All this is ours for the making, but only if we take the time to consider where we are headed, who we are electing to office, and what our own part could be in bridging those divides that are presently ripping us apart.

Is Our News Ripping Us Apart?

My wife and I spent some time in Ottawa last week testifying before the Human Rights Committee concerning the deteriorating situation in South Sudan. I noted a number of changes in Parliament since my sojourn there as a Member of Parliament ended six years ago, chief of which was the collective sense of tentativeness among the elected officials. That’s because the world has suddenly become far more complex, and at times threatening. Politicians are getting their information from all sides, both pro and con, and in doses that would challenge anyone.

That’s mostly opposite to the challenges citizens are facing regarding how they get their information. According to a recent Abacus Data survey, Canadians are becoming increasingly addicted to social media as their preferred source for political news – doubling in only the last two years. In a revealing statistic, the research paper discovered that 17% of respondents didn’t have cable or satellite television at home, although they did have an average of 5.8 devices connected to the Internet. Only 1% got their news from print newspapers.

So, like their politicians, citizens are getting news from everywhere around them. But there is one key distinction: Canadians are increasingly shaping what they get to suit their taste. This reality is threatening to our cohesion as citizens. The Abacus study found that Twitter users were twice as likely to get into a squabble as other social media consumers. Squabbles aren’t a bad thing and essential to debate, must unless common ground is discovered the repeated fracturing of society continues unabated.   As the report itself reported regarding Facebook users:

“Canada’s most active Facebook users tend to feast on a diet of news and information that is catered specifically to their interests, values, and ideologies. The more active Canadians are on Facebook, the more limited their world view.”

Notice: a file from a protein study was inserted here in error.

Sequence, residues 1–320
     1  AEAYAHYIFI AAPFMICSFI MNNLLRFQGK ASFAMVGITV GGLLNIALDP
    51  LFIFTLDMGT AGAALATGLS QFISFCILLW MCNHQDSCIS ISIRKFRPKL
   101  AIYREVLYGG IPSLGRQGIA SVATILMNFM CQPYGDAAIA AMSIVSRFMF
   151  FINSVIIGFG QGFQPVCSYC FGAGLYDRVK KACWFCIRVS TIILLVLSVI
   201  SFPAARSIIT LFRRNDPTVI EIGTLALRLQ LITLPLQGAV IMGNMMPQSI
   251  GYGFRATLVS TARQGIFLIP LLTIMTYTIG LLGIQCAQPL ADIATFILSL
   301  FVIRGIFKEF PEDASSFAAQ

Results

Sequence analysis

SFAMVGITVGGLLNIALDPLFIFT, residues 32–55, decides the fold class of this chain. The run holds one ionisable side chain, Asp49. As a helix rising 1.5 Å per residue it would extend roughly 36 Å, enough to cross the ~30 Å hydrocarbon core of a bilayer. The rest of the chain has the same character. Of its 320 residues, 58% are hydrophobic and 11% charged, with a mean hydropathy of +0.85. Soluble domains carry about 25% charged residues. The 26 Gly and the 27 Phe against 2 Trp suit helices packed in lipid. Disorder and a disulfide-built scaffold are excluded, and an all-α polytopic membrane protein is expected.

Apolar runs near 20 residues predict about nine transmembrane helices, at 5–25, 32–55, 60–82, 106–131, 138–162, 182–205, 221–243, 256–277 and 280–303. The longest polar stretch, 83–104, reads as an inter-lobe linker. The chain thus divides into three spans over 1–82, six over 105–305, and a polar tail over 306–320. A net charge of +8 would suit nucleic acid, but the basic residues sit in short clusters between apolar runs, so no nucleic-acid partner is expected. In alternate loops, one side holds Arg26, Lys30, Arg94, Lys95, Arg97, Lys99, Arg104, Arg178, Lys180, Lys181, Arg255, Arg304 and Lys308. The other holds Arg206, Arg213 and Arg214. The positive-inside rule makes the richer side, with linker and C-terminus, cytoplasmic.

Google’s CEO, Eric Schmidt, predicted what all this would mean: “The technology will be so good, it will be very hard for people to watch or consume something that has not in some sense been tailored for them.” It used to be that we were informed and shaped by what we got from traditional news services. Today it’s the other way around, as the news industry molds itself more exclusively around what we are interested in. The news industry is changing us in the similar fashion to how we are changing the industry.

Internet pioneer Esther Dyson predicted something like this would happen, when she wrote, “The great virtue of the Internet is that it erodes power. It sucks power out of the centre, and takes it to the periphery, it erodes the power of institutions over the people while giving to individuals the power to run their own lives.” Okay, we get that. And we get that the news industry is scattering to the periphery as well. But what if one of the casualties of that phenomenon is that the centre can no longer hold? This becomes the greatest challenge to modern politics, and judging from what I witnessed in Ottawa last week few have adequate answers to the dilemma. What if we need to come together to confront our greatest challenges but discover we lack the capacity to do so? Politicians, in a rampant age of populism, worry about this every day and how they might manage it.